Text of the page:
The importance of electrolysers for energy transition research is steadily increasing these days. But can electrolysis products compete with fossil fuels in practice? This question is the subject of a brief analysis conducted by Energy Brainpool on behalf of Greenpeace Energy eG.
What does hydrogen from a current electrolyser cost?
The production costs of electrolysis gas are currently around 18 ct/kWh for ecologically sensible and grid-supportive plant operation (the specific analysis can be obtained from the entire study). According to FFE, the production costs of hydrogen of fossil origin are around 4 ct/kWh. This means that hydrogen electrolysis cannot currently be offered at competitive prices. These high expenses due to the very high fixed costs to date. This should soon change due to a reduction in investment and operating costs. The fixed costs over the lifetime of the electrolyser vary greatly depending on the number of full load hours of use. For example, a number of 3,000 full load hours results in fixed costs of almost 13 ct/kWh. If EEG levy (renewable energy levy in Germany) and grid charges are added, full costs of up to 38 ct/kWh result, as shown in Figure 1.
One way of using electrolysis hydrogen is to feed up to ten per cent of hydrogen into the natural gas grid. Compared to current natural gas prices of 1.7 ct/kWh (closing price NCG (German gas market area) for gas supply in 2019 on 7 March 2018), this is not yet economical. Also, hydrogen electrolysis can be used in industry as a substitute for fossil hydrogen.
How will the costs of electrolysis gas and fossil natural gas develop until 2040?
There is great potential for further cost degression through continuous application and industrial development of electrolysers. In addition, technical life and efficiency can be increased. In the short analysis, Energy Brainpool compares three scenarios for the development of full costs. The market experts consider the following case to be the most sensible: an electricity system with a high proportion of renewable energy generation in which electrolysers only run in those increasingly frequent phases of excess renewable electricity. This gas of renewable origin can then be used when a dark cold doldrum occurs. The excess electricity purchase is possible at very low electricity prices. In the analysis, an average of 3 EUR/MWh is assumed. However, such low-cost electricity procurement is also a prerequisite for the associated competitiveness. The current allocation and levy system for electricity consumers does not yet make this favourable excess electricity purchase possible and would have to be adjusted.
In contrast to the reduction of production costs for electrolysis gas, costs for fossil natural gas are expected to rise. This is particularly true for price scenarios in which the climate targets of the energy industry are achieved and the emissions of CO2 become significantly more expensive. The so-called “grey gas” price, i.e. the effective price for natural gas, is used for the calculation: Price for “grey gas”=price for natural gas + (price for CO₂ * emission factor)
For example, in the “Sustainable Development” scenario of the International Energy Agency from 2017, the cost of “grey gas” will double to 4.19 ct/kWh by 2040. This is due to increased natural gas and CO2-prices for 2040 (2.1 ct/kWh and 107 EUR/tCO2 respectively).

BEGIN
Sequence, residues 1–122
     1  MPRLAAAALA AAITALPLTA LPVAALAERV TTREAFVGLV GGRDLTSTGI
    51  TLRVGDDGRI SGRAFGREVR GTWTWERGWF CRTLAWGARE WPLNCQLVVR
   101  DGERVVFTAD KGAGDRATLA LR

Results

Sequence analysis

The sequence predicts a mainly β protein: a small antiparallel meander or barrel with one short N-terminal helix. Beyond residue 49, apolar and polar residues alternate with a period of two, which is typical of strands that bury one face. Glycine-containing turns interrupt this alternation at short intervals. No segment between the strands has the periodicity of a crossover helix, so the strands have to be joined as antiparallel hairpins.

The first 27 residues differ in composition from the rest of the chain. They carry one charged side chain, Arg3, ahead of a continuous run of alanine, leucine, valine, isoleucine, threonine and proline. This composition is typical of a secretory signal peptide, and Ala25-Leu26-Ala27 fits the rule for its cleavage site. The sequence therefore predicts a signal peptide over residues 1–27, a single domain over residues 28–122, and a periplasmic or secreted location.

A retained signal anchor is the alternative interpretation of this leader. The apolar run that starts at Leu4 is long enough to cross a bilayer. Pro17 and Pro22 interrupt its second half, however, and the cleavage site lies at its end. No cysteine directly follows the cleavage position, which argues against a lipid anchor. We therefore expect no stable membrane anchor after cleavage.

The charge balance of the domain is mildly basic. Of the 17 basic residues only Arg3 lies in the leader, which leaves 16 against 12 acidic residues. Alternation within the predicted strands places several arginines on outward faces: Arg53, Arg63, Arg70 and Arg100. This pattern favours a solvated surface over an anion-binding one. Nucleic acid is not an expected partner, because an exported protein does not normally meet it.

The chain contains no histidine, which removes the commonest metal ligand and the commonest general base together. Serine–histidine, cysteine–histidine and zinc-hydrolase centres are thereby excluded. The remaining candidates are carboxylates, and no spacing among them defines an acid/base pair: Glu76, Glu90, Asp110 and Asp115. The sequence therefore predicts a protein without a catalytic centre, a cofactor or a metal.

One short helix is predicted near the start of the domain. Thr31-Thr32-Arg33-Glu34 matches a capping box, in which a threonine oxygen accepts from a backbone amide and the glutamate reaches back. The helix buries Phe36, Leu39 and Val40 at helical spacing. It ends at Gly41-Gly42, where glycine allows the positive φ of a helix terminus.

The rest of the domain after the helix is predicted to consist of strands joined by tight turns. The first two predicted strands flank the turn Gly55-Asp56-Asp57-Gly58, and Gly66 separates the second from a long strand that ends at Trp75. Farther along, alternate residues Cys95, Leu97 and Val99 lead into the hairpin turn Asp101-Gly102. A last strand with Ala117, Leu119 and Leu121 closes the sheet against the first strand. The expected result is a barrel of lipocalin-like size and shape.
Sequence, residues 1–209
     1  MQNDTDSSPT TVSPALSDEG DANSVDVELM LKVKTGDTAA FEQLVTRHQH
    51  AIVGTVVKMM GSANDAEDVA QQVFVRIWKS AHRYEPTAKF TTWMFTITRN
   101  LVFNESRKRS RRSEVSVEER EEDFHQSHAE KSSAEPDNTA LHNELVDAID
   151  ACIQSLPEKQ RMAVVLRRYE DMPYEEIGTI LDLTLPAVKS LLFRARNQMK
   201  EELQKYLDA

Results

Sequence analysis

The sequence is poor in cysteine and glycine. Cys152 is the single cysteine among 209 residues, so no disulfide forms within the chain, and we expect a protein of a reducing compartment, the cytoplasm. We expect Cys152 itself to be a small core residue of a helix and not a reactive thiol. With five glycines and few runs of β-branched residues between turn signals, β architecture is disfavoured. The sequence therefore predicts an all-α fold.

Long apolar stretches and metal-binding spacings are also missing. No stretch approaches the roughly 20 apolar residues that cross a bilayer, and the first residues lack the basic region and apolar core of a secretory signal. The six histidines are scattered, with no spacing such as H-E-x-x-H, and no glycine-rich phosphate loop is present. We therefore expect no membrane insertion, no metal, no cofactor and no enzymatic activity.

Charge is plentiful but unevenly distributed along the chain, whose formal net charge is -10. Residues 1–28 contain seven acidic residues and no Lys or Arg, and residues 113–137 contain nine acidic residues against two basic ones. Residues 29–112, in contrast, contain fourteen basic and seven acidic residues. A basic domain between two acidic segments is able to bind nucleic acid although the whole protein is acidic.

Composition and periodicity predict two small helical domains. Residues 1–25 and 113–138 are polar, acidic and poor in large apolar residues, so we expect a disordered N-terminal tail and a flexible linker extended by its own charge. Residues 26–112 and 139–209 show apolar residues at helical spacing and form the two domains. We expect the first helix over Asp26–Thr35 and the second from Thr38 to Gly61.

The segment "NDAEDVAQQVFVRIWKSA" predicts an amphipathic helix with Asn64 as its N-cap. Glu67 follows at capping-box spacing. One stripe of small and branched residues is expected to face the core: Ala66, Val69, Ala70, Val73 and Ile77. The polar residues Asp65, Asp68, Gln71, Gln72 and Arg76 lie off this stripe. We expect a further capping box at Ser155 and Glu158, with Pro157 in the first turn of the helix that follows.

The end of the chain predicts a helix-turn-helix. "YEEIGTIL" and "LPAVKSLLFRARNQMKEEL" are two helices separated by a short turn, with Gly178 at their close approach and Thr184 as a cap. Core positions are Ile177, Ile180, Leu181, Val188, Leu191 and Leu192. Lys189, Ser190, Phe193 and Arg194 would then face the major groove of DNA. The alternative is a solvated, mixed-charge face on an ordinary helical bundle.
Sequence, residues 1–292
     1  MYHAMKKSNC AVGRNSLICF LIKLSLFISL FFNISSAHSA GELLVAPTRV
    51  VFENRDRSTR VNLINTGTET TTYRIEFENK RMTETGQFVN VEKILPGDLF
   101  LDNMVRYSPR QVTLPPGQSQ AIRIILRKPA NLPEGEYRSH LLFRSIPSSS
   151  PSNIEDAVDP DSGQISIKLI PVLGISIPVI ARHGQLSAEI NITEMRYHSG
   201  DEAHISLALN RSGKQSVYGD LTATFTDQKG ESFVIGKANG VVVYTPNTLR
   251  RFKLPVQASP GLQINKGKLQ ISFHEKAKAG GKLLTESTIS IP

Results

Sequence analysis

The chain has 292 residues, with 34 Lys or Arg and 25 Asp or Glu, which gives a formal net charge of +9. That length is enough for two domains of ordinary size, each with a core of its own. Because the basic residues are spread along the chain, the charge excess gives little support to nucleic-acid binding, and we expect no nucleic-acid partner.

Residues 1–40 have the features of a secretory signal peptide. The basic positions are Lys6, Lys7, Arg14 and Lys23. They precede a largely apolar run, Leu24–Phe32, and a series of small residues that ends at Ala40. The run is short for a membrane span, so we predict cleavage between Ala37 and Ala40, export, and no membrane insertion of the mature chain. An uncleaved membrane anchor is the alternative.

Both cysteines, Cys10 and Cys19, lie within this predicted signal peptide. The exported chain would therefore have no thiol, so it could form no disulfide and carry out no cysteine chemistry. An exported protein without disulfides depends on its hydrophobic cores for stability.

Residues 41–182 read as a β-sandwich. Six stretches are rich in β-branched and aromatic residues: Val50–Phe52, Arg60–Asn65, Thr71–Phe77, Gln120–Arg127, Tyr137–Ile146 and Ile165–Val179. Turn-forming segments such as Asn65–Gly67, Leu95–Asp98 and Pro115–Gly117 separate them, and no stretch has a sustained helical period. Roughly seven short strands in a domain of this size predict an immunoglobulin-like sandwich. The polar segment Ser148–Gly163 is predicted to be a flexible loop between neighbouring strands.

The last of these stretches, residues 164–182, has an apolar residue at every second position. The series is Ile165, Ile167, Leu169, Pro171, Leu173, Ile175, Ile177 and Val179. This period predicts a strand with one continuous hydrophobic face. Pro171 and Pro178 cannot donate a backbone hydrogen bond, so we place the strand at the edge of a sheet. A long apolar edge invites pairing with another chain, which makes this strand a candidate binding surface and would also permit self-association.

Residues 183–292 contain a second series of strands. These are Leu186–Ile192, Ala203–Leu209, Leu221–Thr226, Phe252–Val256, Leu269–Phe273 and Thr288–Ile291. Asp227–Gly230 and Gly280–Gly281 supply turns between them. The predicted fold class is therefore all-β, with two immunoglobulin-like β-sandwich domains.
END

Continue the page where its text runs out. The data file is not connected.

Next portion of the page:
Will electrolysis gas become cheaper than fossil natural gas?
Fossil natural gas has process-related advantages over electrolysis gas in terms of production and transport costs. The cost increase in the course of defossilisation of the energy industry is a factor that cannot be ignored. Figure 2 shows how the price expectation for “grey gas” and thus the production costs of hydrogen produced from “grey gas” are rising. Electrolysis gas is declining in cost down to 2.1 ct/kWh depending on the share of renewables. This cost degression ensures more economical operation of the electrolyser with fewer required full load hours. Falling fixed costs and falling costs for renewable electricity purchases make this development possible. Excess electricity in electricity systems with a high share of 80 to 100 per cent renewable energies (case A in Figure 2) ensures that electrolysers consume electricity that could otherwise not be marketed (see Energy Brainpool time series analyses). This reduces electricity procurement prices. Further conceivable scenarios would be a supplementary payment of fixed electricity price components for flexibly consumed excess electricity (case B in Figure 2) or the case of off-grid electrolysis gas farms (based on a current study commissioned by Agora Energiewende). This is shown in case C in Figure 2. The latter cases are less efficient or systemic than case A utilising the excess electricity and might significantly reduce the competitiveness of electrolysis gas.
From the mid-2030s, the production of electrolysis gas can be cheaper than the purchase of fossil natural gas (natural gas + CO2-certificates), as evaluations show . The prerequisites for this are cost degression for electrolysers through continuous investment in the technology, low electricity procurement costs for the otherwise curtailed excess electricity, the achievement of climate protection targets and the targeted share of renewable energies.